It was back in December of 1999
that I reviewed Scott Michael’s Marine Fishes: 500+
Essential-To-Know Aquarium Species for Aquarium
Frontiers. At that time I praised the care and intelligence
that in general go into the publications of James Lawrence’s
Microcosm Ltd., and especially the convenient small pocketsize of
the current volume, which is a pleasure to carry, thumb-through
and read. I said, “Do yourself and your organisms a favor.
Take this book with you before you make a decision to
acquire a new specimen.” I actually follow my own advice and
keep the book in my car’s side-pocket for use whenever
I’m tempted to bring in a new tank resident. At the time I
also was happy to report that the book was intended to be the
first in a series and looked forward to the next in the set.
It’s been more than five years but a second volume has
|By Ron Shimek, Ph.D.||TFH Publications, Inc|
neptune City, NJ 07753
TEL. (800) 631-2188
5″ by 7″ Softcover, $24.95
448 pages, Illustrated with 450 full page color
Charlotte, VT 05482
TEL. (802) 425-5700
FAX (802) 425-3700
Ron Shimek is a zoologist well known to marine aquarists. He
has participated as an authority on invertebrates both in his
writings and as a speaker at virtually all important recent
marine aquarium conferences. He has authored a very valuable
companion piece to Scott’s earlier work on marine aquarium
fishes. This volume also follows the pattern of the previous work
by offering practical husbandry requirements for each species
discussed and a consistent set of criteria, both of which make it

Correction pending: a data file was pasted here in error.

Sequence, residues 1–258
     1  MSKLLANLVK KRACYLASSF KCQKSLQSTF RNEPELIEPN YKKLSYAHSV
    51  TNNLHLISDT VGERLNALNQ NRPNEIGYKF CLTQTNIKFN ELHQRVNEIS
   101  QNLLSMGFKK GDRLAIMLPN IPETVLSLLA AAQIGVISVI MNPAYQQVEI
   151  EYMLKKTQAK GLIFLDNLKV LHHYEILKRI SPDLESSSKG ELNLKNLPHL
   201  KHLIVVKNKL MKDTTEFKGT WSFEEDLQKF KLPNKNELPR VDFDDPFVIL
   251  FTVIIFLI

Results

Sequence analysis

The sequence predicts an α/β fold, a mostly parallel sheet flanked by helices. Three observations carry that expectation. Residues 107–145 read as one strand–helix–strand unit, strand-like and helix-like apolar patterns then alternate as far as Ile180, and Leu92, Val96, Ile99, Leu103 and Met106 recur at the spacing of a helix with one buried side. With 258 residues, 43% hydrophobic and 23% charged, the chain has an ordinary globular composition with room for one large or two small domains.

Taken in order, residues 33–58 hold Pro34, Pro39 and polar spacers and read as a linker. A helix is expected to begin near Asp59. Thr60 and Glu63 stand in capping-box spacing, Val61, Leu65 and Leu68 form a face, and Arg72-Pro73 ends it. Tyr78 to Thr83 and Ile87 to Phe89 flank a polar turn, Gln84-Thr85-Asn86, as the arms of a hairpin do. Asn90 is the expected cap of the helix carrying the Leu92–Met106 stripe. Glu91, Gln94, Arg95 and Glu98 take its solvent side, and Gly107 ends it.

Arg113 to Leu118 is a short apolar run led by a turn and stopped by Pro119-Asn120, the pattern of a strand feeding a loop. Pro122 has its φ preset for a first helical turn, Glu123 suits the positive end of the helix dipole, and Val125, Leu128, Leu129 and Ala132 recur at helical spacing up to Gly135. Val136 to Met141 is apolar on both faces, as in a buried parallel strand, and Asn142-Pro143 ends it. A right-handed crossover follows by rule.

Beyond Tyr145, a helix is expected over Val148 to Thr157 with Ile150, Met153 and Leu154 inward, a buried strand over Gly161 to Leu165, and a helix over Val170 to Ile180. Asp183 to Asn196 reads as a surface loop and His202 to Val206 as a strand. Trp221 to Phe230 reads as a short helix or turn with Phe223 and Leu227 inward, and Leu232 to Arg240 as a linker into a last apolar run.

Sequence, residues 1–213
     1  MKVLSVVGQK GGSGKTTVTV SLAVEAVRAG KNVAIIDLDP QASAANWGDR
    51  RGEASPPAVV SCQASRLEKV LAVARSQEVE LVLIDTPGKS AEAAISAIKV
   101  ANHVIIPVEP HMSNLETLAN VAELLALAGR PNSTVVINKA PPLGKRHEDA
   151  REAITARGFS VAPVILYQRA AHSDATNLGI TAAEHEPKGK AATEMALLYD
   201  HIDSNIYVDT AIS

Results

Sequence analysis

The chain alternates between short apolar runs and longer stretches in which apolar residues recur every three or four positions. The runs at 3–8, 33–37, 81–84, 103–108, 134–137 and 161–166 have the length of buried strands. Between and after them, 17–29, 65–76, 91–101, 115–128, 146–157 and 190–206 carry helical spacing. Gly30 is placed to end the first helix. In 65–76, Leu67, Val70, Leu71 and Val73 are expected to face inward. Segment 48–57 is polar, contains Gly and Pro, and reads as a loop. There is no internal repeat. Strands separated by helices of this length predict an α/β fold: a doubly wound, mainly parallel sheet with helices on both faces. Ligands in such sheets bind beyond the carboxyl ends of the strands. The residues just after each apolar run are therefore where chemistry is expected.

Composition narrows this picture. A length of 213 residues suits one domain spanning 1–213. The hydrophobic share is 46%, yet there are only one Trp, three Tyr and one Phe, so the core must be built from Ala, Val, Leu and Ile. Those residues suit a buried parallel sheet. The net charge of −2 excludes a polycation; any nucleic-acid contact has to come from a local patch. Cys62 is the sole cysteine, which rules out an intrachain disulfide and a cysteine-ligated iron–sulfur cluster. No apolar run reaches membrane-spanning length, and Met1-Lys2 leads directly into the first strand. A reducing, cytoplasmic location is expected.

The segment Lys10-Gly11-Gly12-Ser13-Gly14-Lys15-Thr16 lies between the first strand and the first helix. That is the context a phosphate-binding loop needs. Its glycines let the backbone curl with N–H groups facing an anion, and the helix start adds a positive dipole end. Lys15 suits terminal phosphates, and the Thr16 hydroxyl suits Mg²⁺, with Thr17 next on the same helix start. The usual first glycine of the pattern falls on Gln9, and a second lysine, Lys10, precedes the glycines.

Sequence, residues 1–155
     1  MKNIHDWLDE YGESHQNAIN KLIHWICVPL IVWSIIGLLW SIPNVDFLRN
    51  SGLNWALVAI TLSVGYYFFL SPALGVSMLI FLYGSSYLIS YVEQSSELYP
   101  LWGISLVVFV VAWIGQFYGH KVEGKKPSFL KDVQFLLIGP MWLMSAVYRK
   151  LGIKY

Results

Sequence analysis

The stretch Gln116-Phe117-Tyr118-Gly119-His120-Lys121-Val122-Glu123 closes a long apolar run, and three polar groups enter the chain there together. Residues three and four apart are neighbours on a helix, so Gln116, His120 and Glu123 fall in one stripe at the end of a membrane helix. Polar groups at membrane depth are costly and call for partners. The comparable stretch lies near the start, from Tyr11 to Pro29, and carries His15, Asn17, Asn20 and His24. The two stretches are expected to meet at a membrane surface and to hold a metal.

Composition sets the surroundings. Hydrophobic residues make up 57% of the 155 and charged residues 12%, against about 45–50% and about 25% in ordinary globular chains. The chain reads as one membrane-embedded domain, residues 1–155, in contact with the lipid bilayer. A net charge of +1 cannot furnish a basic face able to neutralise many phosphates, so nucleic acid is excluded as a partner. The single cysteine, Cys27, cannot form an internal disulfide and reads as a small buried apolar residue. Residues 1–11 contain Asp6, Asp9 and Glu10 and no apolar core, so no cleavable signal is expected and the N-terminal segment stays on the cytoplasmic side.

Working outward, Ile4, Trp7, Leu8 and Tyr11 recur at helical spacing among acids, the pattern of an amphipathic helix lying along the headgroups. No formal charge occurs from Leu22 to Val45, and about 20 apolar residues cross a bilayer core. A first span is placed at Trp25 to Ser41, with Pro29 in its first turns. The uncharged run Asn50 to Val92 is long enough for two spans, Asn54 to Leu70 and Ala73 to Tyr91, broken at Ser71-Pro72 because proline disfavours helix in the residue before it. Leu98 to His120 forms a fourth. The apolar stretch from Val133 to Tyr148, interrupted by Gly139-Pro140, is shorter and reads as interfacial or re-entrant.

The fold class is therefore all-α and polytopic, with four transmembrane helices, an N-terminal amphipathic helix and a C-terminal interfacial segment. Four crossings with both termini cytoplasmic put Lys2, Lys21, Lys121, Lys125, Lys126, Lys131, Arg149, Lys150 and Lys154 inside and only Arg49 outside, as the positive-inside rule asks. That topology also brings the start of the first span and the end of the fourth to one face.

very useful for those considering acquiring a specimen.
Each page contains a clear color photograph of the organism
discussed. Many of these photos were provided by Scott Michael,
Alf Jacob Nilsen, Paul Humann and others recognized for the
quality of their knowledge and their photographic work. For each
species Shimek provides data on their maximum size, their natural
range, the minimum aquarium size to maintain the organism, the
lighting they require, advice on foods and feeding, their
suitability as an aquarium subject, their compatibility with tank
mates and tips on captive care.
The book is very ambitious in its breadth of coverage,
including organism from the foraminifera through the sponges,
hydrocorals, jellyfishes, gorgonians, the soft corals, the sea
anemones, the zooanthids, the stony corals, the worms, shrimps,
crabs, the tridacnid clams, the sea stars and other echinoderms,
finally ending with the tunicates.
The volume opens with a short introductory chapter on the
complexities of current taxonomy of marine invertebrates,